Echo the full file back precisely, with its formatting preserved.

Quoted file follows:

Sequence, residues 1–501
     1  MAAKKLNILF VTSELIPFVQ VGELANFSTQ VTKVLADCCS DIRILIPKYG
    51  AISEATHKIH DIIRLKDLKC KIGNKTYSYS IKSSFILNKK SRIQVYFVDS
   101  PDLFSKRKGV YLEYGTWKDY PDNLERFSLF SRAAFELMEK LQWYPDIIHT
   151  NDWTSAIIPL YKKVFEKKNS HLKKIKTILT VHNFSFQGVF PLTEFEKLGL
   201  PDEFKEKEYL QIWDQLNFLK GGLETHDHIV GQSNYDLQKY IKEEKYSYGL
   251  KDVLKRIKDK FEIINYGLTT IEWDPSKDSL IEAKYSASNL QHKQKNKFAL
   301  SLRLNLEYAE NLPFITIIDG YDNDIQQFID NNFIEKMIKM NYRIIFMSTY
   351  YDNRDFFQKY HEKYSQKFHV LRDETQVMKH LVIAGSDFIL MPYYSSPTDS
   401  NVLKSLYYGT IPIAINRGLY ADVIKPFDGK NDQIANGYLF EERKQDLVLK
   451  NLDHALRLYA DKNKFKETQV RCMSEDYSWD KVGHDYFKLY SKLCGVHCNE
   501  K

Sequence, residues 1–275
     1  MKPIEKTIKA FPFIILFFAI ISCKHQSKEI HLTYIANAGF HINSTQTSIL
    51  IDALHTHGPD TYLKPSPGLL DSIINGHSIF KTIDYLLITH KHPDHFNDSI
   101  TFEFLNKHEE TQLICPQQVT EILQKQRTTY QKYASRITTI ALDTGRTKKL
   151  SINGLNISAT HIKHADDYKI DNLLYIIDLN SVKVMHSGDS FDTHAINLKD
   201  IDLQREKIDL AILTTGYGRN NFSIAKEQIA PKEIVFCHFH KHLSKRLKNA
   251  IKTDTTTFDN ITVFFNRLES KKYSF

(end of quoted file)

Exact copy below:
Sequence, residues 1–501
     1  MAAKKLNILF VTSELIPFVQ VGELANFSTQ VTKVLADCCS DIRILIPKYG
    51  AISEATHKIH DIIRLKDLKC KIGNKTYSYS IKSSFILNKK SRIQVYFVDS
   101  PDLFSKRKGV YLEYGTWKDY PDNLERFSLF SRAAFELMEK LQWYPDIIHT
   151  NDWTSAIIPL YKKVFEKKNS HLKKIKTILT VHNFSFQGVF PLTEFEKLGL
   201  PDEFKEKEYL QIWDQLNFLK GGLETHDHIV GQSNYDLQKY IKEEKYSYGL
   251  KDVLKRIKDK FEIINYGLTT IEWDPSKDSL IEAKYSASNL QHKQKNKFAL
   301  SLRLNLEYAE NLPFITIIDG YDNDIQQFID NNFIEKMIKM NYRIIFMSTY
   351  YDNRDFFQKY HEKYSQKFHV LRDETQVMKH LVIAGSDFIL MPYYSSPTDS
   401  NVLKSLYYGT IPIAINRGLY ADVIKPFDGK NDQIANGYLF EERKQDLVLK
   451  NLDHALRLYA DKNKFKETQV RCMSEDYSWD KVGHDYFKLY SKLCGVHCNE
   501  K

Sequence, residues 1–275
     1  MKPIEKTIKA FPFIILFFAI ISCKHQSKEI HLTYIANAGF HINSTQTSIL
    51  IDALHTHGPD TYLKPSPGLL DSIINGHSIF KTIDYLLITH KHPDHFNDSI
   101  TFEFLNKHEE TQLICPQQVT EILQKQRTTY QKYASRITTI ALDTGRTKKL
   151  SINGLNISAT HIKHADDYKI DNLLYIIDLN SVKVMHSGDS FDTHAINLKD
   201  IDLQREKIDL AILTTGYGRN NFSIAKEQIA PKEIVFCHFH KHLSKRLKNA
   251  IKTDTTTFDN ITVFFNRLES KKYSF